To summarize: I believe Clinton would have brought about a global economic depression on a greater scale than the Great Depression of the 1930’s. In so doing, Canada would stagnate to the point that most of Western Canada would explode with secessionist sentiment.
Initially, I believed Donald Trump’s election would likely cause short term economic volatility (which, with the votes being counted, we are already seeing indications of), but that Trump would be able to bring about recovery the same way the US did during the 1920’s. In so doing, Canada would recover and be prosperous enough to maintain national unity.
While I will not rule that possibility out, one scenario that was not apparent to me in February 2016, when I first wrote that article about Donald Trump, was the possibility of Ontario’s annexation into the United States.
At the time, the Justin Trudeau Carbon Tax was not on the radar, but today it is.
The Carbon Tax is a West to East transfer, especially from Alberta and Saskatchewan, to Ontario and Quebec.
In particular, it does so by raising the cost on fuels, which are then passed to provinces that require long haul transportation.
When an Albertan buys a car manufactured in Windsor – a major input cost of that car is the fuel used transporting that car through the most indirect route possible – the Canadian route. (Incidentally, a car manufactured in Detroit would have a lower carbon footprint than one manufactured in Brampton, but that is exactly the point.)
Trudeau’s Carbon Tax allows the governments of Ontario and Quebec to collect revenue from the fuels needed to drive the trains and trucks needed to transport goods they manufacture and then pass the added cost of the tax onto consumers down the line in Manitoba, Saskatchewan, and Alberta.
This works for both imports and exports, and for Alberta, one of our most carbon intensive exports are tanker trucks and railway cars loaded with our oil.
Trudeau realized this, and this is one of the reasons he has so actively stymied pipeline initiatives that would allow Alberta to export our crude oil. The amount of fuel required to transport oil by truck and rail car is orders of magnitude higher than the amount needed to transport it by pipeline, and with most of our oil being shipped through Saskatchewan, Manitoba, and British Columbia, the carbon tax transfers huge amounts of Alberta’s wealth to our neighboring provinces.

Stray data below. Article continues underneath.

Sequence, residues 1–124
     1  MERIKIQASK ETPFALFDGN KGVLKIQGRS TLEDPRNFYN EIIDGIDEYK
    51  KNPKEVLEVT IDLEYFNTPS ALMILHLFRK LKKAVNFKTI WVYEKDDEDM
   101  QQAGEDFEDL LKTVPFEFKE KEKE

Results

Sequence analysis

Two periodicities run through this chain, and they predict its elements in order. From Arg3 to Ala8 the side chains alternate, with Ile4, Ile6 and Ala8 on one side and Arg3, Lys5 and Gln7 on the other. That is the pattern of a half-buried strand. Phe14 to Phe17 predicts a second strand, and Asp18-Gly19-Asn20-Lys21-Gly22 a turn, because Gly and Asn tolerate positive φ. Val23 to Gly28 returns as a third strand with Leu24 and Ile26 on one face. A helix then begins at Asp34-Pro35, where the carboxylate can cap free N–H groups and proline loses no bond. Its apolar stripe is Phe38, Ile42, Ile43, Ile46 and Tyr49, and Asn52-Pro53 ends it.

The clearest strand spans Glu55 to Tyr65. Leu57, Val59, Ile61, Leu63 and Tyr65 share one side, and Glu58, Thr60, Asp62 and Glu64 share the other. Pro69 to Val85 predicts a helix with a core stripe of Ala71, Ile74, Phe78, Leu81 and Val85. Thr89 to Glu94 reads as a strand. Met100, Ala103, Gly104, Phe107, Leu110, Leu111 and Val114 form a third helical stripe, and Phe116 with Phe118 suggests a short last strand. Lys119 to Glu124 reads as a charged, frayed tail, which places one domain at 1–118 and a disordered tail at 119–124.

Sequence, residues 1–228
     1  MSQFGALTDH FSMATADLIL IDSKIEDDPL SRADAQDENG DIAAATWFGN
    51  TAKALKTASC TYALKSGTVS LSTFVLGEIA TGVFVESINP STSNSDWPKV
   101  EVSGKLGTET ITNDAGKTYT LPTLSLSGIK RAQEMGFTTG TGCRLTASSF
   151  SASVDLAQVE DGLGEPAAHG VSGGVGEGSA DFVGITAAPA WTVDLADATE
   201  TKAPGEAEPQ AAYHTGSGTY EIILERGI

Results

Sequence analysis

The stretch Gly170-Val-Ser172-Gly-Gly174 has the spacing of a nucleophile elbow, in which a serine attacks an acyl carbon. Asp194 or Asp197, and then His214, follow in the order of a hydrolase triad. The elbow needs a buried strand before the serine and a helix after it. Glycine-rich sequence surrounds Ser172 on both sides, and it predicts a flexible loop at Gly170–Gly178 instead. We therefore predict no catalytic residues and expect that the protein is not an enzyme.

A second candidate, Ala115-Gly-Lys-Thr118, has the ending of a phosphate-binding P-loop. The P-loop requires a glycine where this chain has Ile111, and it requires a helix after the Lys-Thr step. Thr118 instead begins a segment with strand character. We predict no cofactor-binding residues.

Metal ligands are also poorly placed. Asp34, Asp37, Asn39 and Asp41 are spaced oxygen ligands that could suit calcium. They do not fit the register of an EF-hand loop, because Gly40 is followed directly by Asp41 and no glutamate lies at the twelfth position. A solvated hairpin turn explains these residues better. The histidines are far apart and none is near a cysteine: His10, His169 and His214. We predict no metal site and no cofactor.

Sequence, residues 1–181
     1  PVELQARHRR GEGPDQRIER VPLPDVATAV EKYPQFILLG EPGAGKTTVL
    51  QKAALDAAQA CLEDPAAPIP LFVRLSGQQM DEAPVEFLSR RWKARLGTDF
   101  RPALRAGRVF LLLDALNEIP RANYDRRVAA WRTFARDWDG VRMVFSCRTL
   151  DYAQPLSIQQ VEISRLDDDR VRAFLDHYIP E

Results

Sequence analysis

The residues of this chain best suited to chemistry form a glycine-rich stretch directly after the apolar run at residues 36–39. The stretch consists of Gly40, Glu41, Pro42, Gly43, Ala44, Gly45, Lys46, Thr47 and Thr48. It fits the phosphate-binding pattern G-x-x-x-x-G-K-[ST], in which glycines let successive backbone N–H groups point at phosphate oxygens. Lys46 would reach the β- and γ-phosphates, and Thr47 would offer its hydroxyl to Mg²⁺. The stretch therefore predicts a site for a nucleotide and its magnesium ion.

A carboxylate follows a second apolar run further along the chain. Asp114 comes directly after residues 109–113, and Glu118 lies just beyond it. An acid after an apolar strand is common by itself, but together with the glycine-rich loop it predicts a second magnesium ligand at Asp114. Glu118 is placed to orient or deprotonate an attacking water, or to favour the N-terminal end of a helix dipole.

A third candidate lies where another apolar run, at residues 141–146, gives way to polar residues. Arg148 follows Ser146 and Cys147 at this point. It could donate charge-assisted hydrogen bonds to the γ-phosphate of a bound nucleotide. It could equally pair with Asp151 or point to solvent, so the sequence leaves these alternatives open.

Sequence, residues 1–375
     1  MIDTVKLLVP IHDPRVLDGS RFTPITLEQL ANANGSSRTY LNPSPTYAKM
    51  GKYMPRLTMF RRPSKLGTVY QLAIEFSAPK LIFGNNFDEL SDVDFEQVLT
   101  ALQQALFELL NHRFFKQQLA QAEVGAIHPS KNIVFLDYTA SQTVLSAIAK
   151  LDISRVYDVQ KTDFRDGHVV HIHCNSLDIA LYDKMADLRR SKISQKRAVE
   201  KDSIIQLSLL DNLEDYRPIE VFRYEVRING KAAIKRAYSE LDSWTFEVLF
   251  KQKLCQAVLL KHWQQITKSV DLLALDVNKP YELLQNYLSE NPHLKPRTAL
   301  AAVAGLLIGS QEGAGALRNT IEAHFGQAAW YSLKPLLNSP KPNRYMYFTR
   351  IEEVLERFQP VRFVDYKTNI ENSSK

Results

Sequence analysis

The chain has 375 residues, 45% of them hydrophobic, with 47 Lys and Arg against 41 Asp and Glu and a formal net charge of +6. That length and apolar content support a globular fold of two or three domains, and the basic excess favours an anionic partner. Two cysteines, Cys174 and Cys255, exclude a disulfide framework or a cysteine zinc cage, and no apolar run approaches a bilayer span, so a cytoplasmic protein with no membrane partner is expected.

This is particularly insidious in that it offsets the cost of those province’s carbon taxes they must pay to transport goods into and out from their province for the same reason, making it more palatable for them.
Enter Donald Trump.
As a Separatist, the most important development to be watching in the forthcoming Trump Presidency is Keystone XL.
Trump supported Keystone XL to a much greater degree than Clinton.
Even though he campaigned saying he would “make Canada pay for it,” Alberta’s ability to export crude through Keystone would significantly cut carbon emissions, allowing Alberta to pay significantly less of the carbon tax through inter-province transport via rail or truck.
When Trump approves Keystone XL, the ball will be in Trudeau’s court, and Alberta should be watching very closely.
To be fair, Trudeau is backed into a corner on the issue.
The carbon tax is NOT about fighting climate change. It is a stealth tax to transfer and redistribute wealth away from Western Canada and especially from Alberta to pay for the old, decrepit, stagnating economies of Quebec and Ontario.
The leftist governments of Ontario and Quebec have long since made their bed and in so doing, have chased away (or aborted) their young, productive workers (many of the survivors having moved to Calgary and still, for some reason, voted NDP).
They have promised entitlements and pension plans to their public sector they cannot afford. They have drowned their economy in crippling debt they can never repay.
Now, Ontario especially is a hallowed out husk of it’s former self.
With their political clout gained through their ability to determine the outcome of Federal elections, their only strategy to vote in hacks like Justin Trudeau to try to redistribute the wealth of Western Canada to maintain their status quo.
Simultaneously, to save their collapsing manufacturing industry, they push to import hundreds of thousands of impoverished, virile young men from alien and incompatible cultures to work in their factories.
It is not a strategy that will work at building a unified nation.
I still stand by my assertion that with President Trump, Western Separatist sentiment will likely wane.
However, with President Trump, Ontario may have one option left that could keep it from fading away into the annals of history:
Join the United States.
If Ontario is to survive as a modern, industrialized, developed economy and civilized society, it may have no choice.
Ontarians wouldn’t put up a fight, the way Western Canadians and even Quebecois would.
For the United States, annexing Ontario, Canada’s largest manufacturing center certainly would “Make America Great Again.”
Separatist everywhere in Canada certainly should hope it comes to that.